Since 1992, Australian government policies on detention of asylum-seekers has been increasingly cruel and wasteful. Since then the Prime Ministership has changed six times and the political party in government has changed three times; the policy has continued, becoming crueller and more expensive. The idea that such policies have a deterrent effect is palpably false, believed by nobody except politicians and journalists.
Journalists cannot tell whether a policy is good or bad. They can tell who has announced it. They can tell whether or not both Labor and the Coalition support it. They cannot evaluate competing claims about its cost or efficacy or other qualities a policy may or may not have, merely describing them as noise toward the end of their articles (they may reinforce this with a pithy quote from a minister, named or unnamed, who describes this as "whinging").
There is a view that the situation on Manus, like that on Nauru, is unsustainable, and that eventually the penny will drop that the end does not justify the means, that punishing one group of people endlessly in order to deter others is immoral and that there is another way to achieve the same policy objective ... the images that trouble me are two sides of the same coin.That view is not new and more widely held than someone in the Canberra bubble might dare admit. To be fair to Gordon, he's had a hell of a shock and has changed his mind about a big issue where it was easy just to go along. He was wrong to be so dismissive of the view he now holds just because it lacks "savvy".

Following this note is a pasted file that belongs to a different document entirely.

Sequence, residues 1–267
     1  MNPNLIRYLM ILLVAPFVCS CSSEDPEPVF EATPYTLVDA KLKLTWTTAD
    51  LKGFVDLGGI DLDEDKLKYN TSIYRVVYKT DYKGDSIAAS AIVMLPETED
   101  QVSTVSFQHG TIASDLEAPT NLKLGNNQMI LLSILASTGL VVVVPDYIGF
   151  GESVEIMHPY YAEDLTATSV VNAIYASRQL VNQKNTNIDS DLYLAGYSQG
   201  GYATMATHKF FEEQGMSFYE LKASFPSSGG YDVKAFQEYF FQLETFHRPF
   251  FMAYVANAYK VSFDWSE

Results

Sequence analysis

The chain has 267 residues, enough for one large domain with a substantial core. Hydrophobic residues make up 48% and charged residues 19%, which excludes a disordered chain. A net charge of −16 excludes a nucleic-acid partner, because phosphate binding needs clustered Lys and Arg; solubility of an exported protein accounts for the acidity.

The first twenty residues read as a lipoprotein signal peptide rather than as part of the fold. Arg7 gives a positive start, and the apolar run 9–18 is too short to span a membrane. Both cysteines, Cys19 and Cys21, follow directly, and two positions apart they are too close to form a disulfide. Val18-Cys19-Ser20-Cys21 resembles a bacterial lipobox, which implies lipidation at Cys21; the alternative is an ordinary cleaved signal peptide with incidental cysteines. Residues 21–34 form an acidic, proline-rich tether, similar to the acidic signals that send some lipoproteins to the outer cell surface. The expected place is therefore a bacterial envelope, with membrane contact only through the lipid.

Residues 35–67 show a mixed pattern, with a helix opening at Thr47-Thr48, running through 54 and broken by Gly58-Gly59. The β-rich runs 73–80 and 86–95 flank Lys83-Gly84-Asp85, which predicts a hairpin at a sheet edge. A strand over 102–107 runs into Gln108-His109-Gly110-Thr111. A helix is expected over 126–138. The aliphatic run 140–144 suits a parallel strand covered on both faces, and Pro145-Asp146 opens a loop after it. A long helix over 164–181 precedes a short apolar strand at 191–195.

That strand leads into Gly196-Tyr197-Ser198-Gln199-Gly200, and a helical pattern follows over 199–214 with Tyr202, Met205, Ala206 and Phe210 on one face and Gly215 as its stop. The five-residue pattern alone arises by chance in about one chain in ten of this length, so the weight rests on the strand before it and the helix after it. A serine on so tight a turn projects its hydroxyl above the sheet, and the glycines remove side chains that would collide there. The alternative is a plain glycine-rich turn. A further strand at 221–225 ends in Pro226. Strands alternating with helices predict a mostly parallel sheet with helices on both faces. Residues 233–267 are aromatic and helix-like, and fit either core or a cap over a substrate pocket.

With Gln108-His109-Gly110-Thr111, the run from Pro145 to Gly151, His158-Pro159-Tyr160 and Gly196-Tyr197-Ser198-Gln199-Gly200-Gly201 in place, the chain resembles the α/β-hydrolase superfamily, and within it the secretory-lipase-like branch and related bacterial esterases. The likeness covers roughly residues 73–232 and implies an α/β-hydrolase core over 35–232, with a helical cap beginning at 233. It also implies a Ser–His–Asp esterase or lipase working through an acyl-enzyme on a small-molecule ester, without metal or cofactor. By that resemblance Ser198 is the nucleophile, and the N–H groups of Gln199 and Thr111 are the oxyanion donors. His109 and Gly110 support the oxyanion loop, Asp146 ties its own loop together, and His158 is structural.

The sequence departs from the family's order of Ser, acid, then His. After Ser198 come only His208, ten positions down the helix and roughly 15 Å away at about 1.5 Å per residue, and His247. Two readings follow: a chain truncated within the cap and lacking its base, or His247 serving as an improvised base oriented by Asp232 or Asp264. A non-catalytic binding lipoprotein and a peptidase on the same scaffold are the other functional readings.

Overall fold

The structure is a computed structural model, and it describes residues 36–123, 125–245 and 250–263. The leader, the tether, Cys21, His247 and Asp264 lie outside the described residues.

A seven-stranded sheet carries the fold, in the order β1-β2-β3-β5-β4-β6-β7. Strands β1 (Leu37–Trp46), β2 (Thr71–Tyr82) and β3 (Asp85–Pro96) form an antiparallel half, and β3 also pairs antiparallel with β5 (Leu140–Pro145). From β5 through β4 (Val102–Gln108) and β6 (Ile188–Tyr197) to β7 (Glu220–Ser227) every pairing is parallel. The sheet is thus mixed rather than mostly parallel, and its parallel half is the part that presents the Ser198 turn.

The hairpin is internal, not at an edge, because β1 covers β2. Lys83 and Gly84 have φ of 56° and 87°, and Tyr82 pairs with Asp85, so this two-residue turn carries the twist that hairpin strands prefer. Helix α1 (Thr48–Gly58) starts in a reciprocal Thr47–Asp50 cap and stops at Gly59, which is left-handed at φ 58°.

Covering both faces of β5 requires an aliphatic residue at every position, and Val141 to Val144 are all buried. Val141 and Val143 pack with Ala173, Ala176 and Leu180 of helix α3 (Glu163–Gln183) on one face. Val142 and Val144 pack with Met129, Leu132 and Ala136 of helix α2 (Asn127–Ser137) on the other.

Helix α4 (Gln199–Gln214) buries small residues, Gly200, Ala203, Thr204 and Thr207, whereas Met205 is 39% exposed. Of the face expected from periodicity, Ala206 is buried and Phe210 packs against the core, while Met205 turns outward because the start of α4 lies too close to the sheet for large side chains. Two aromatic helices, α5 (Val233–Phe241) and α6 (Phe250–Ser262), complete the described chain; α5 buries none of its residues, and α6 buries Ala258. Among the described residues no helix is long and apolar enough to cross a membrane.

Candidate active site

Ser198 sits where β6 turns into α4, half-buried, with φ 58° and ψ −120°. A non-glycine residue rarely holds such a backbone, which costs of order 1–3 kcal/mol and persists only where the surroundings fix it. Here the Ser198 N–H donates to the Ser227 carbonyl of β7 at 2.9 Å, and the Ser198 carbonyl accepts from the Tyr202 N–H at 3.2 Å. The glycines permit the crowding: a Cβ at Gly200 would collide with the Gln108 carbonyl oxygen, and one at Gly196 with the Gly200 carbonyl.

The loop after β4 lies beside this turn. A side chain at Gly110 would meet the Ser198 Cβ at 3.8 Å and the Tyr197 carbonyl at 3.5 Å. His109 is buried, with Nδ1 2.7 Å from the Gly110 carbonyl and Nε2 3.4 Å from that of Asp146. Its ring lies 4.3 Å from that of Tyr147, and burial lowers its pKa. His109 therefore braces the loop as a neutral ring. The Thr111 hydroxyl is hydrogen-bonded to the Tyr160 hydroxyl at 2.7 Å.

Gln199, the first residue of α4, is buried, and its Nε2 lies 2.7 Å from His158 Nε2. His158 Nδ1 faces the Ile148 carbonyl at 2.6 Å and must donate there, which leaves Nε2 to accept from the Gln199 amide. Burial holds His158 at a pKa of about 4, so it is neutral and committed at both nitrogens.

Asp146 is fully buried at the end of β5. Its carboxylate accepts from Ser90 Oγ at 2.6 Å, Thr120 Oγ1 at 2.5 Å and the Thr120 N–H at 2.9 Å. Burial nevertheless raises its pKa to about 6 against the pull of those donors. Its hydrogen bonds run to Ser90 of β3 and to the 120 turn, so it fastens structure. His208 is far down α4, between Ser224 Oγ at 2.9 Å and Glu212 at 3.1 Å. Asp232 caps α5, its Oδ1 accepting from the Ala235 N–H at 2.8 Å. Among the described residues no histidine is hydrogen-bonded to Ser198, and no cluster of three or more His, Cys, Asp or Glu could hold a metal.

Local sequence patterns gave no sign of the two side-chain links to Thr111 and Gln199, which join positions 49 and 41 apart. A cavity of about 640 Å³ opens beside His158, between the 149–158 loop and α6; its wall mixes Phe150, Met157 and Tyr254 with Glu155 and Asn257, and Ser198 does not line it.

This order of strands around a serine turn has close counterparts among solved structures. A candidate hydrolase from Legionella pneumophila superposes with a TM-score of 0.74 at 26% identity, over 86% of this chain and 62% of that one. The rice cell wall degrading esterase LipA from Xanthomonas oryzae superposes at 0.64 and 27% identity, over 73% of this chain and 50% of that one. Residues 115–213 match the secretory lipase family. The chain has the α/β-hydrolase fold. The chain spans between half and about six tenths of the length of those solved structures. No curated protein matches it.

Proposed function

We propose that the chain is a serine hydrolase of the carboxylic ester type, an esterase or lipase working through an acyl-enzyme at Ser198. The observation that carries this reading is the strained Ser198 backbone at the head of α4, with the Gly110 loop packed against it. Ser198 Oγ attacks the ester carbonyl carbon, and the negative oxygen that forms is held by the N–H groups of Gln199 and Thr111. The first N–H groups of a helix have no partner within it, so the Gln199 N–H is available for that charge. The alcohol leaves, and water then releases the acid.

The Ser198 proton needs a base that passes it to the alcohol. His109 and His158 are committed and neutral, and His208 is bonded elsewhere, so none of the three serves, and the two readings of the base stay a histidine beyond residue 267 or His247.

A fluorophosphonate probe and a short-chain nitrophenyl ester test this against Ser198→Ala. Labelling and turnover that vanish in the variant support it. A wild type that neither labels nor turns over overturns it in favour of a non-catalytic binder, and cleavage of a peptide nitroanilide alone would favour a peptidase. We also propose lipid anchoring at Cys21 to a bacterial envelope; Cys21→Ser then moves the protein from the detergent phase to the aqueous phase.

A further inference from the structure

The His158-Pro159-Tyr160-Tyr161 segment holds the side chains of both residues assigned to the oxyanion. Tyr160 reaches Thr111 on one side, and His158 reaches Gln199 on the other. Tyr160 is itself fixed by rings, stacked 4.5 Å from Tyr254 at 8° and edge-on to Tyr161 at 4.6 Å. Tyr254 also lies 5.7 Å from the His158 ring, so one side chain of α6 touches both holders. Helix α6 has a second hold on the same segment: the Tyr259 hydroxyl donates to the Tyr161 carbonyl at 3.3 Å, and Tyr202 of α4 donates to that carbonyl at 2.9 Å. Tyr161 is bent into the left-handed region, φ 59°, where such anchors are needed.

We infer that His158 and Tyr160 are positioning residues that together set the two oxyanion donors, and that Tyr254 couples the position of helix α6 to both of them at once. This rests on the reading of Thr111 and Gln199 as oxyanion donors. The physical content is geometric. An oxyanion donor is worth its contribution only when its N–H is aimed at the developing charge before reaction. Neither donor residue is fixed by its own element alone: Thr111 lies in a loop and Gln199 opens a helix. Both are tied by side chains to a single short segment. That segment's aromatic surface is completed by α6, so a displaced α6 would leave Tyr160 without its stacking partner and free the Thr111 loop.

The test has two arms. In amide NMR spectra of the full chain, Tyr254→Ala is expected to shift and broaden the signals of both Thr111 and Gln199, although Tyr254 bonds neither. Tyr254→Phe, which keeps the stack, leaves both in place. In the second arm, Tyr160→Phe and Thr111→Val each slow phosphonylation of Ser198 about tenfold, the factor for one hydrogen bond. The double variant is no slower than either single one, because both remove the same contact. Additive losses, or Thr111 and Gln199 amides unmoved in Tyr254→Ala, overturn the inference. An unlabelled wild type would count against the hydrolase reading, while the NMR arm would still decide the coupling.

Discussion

Michael Gordon has dedicated his career to avoiding the drop of that 'penny'. It is the coin with which he is paid, his very currency as one of this country's leading political journalists. He has helped devalue that coin, and can't let it drop without losing something of himself - something no PNG thug can ever take from him. The press gallery unanimously agrees Michael Gordon is one of their finest and most experienced journos. Impressionable younger hacks look up to him, and in some cases he shapes their careers.
Political journalists have - and if you read back through his work, Gordon in particular has - a bias toward 'bipartisan' policies. Bipartisan policies are reported favourably by the press gallery. Policies which don't have the support of the opposition, where the government can only pass them through the Senate with the help of the Greens or Senators from other parties, are reported less favourably than bipartisan policies - regardless of their other merits.
Journalists are more interested in how a policy will play (i.e., what politicians and journalists will think of it) rather than how it will work (i.e., long after journalists have moved on to something else, we will still be bound by regulations and spending decisions that may not even address the issue).
Almost all bad policy is bipartisan:
- The fact that the government spends more than it raises in taxes, and that it prefers to tax individuals over corporations;
- The ongoing war in western Asia, which has neither success criteria nor an exit strategy;
- Australia is committed to billions of dollars of expenditure on defence equipment that doesn't meet our needs;
- The fact that we have reduced our civil liberties in the name of safety in the face of terrorism, yet we are no safer and less free while terrorists flourish;
- The failure of our relations with Papua New Guinea and other states in the southwest Pacific;